Article 1 and Article 2.

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A New Beginning

March 4, 2014

This installment is dedicated to the memory of my friend, Sue Dillon, who lost her 15 year battle with breast cancer on February 13, 2014.

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October 7, 1960. That’s my birthday.

January 22, 2014. That’s my birthday. Well, more like a second birthday. A second birthday after a most harrowing period of my life.

On January 22, I was reborn after a confirming phone conversation with Dr. David, my oncologist, that my Lymphoma was in remission.

I know I cannot possibly compare my case to those who have, have had or will have  much more serious conditions than I, but it was my own personal Hell to go through, a hell which really kicked into high gear starting with that damned late morning phone call on Tuesday, July 30, 2013 (“You better find yourself an oncologist“) and which lasted until a few short weeks ago.

It is my objective, during the course of the following weeks of reliving my experience that it not only be a continued exercise in healing but to reach at least one person who may unfortunately need some encouragement. I don’t want to use the word closure because, first of all, I don’t like that word, but to paraphrase the words of my doctor “with cancer…you never know about these things”.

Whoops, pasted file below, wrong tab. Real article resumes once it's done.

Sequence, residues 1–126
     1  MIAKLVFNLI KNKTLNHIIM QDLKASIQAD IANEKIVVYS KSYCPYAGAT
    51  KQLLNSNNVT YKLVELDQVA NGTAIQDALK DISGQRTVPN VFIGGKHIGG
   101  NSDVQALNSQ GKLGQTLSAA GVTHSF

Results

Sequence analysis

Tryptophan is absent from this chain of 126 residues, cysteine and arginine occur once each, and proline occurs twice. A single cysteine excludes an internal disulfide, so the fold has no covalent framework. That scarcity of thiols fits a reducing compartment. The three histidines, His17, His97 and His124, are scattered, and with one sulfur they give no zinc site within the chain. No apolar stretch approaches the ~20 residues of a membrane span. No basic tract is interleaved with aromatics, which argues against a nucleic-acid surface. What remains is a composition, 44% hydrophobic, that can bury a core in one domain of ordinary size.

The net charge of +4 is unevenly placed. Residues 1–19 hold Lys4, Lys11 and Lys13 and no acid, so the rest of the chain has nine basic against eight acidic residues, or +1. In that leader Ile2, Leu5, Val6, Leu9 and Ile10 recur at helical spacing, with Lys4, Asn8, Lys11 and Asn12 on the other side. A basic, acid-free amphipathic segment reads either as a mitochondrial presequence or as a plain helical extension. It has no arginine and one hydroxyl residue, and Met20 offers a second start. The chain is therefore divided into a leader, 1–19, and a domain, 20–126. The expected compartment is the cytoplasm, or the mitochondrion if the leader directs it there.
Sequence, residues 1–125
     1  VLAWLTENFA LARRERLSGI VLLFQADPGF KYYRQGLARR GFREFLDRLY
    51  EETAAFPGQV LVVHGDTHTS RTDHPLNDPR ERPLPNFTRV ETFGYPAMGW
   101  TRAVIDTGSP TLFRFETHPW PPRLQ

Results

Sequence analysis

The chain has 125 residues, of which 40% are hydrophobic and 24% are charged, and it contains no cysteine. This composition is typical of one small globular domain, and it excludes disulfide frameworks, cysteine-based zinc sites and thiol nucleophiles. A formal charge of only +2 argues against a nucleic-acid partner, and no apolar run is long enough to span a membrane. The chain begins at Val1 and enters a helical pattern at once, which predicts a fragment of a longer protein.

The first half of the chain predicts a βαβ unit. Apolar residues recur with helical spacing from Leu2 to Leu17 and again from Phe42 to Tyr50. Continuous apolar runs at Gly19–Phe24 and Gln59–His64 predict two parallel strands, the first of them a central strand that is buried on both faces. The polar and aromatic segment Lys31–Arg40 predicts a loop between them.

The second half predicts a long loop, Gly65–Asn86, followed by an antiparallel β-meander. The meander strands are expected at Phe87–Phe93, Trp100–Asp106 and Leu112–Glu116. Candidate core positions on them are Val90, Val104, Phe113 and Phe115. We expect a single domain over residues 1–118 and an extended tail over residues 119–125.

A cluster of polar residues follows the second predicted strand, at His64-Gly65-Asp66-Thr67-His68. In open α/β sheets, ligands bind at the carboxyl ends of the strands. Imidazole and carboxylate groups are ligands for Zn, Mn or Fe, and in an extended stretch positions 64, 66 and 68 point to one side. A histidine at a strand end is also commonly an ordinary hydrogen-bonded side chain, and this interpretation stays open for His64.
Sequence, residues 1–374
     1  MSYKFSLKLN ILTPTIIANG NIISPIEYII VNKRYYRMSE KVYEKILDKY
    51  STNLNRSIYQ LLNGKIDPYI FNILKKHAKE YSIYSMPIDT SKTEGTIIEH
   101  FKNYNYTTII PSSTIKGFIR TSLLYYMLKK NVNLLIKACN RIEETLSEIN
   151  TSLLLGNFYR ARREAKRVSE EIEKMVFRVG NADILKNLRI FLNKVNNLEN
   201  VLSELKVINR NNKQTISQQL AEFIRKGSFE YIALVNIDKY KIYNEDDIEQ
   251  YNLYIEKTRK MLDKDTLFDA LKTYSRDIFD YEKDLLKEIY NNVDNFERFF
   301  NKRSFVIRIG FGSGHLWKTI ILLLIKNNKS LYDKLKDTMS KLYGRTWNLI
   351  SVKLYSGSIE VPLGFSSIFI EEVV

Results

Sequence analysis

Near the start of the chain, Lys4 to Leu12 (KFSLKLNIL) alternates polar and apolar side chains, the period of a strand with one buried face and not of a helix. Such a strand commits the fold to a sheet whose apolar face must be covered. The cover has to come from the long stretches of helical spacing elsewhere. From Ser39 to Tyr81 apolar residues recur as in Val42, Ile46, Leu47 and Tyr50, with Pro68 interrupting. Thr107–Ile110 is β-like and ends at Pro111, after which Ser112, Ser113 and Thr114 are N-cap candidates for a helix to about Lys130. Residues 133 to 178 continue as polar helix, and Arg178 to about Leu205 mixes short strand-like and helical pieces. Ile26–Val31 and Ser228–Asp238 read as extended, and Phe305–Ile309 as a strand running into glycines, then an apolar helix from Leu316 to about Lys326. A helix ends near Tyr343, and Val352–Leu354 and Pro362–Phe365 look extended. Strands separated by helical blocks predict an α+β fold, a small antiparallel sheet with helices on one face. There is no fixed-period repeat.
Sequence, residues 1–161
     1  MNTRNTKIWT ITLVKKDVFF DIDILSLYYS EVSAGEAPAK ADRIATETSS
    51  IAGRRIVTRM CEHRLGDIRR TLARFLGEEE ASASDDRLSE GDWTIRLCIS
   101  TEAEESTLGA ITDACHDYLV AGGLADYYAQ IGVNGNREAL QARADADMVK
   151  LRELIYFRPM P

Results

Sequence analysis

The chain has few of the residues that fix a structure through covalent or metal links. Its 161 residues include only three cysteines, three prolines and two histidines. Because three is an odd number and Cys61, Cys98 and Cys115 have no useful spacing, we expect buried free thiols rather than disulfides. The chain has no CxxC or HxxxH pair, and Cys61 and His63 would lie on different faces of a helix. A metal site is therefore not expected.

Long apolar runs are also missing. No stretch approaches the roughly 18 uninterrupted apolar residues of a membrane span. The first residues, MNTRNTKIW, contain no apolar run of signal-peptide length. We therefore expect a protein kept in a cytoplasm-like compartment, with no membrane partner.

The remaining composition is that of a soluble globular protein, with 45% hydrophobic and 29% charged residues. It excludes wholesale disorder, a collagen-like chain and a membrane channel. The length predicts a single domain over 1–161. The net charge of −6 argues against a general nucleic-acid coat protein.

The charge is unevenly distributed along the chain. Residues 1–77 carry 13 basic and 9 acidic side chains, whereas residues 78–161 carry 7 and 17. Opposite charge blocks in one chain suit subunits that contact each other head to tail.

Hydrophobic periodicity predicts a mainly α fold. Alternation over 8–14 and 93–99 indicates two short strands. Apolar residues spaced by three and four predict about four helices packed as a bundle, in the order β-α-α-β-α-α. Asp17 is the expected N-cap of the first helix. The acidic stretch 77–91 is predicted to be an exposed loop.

A lot of people called me brave for going through what I went through, but I don’t consider myself that way. I was just doing what I had to do to keep from dying, which, as you can imagine, that thought had taken a firm stance center stage in my mind. And the one thing I know for sure is that I never really asked the question, “Why me?”. I was too focused on getting better. I was determined that Ariel would not finish out our lives together without me.

That’s not to say that I didn’t have my moments when I wanted to give up, that I felt like the suffering wasn’t worth it and I just wanted to be left alone. Fortunately, those moments were few and far between. And I had Ariel, who wouldn’t let me give up, even though he afforded me the time to get through my bouts of anxiety in my own time.

But even during the darkest of days there were some bright ones. There was a light at the end of the tunnel, though that tunnel at times seemed to stretch itself beyond belief.

This was a new experience for me, for us, and all we had to go on was the doctors’ say so as to the course of treatment, what the side effects would be–a time line of events from point A to point B–but none of that mattered to me. To me it was all gibberish, how could the doctor possibly know what I was going through? Well, except for maybe one or two truly minor speed bumps along the way, their predictions were on the money and some things even surprised the doctors and nurses, in a good way.

As you read this, I am currently nursing two fresh bodily assaults: one from having my Chemo port finally removed this past Thursday and two, my new constant reminder that I made it through–my new “survivor” tattoo I had done on Friday.

port     tattoo

I half expected the port to be a monster looking thing with valves dangling all over the place like an octopus but it was just this simple affair. I asked them if I could keep it, as a memento, but for sanitary reasons they changed their minds at the last minute but allowed me to take a picture of it. And whether it’s the way the lights are hitting it or it’s actually printed on it, the number 5 is definitely on there, and that’s my favorite number.